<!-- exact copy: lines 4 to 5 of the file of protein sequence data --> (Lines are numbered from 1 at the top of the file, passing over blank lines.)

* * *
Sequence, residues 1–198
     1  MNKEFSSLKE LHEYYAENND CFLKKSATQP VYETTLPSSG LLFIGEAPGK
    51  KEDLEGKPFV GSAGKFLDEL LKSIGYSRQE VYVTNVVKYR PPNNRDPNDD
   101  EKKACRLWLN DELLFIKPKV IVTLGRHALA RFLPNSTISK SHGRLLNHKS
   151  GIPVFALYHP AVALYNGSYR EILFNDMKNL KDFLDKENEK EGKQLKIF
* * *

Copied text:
   101  EKKACRLWLN DELLFIKPKV IVTLGRHALA RFLPNSTISK SHGRLLNHKS
   151  GIPVFALYHP AVALYNGSYR EILFNDMKNL KDFLDKENEK EGKQLKIF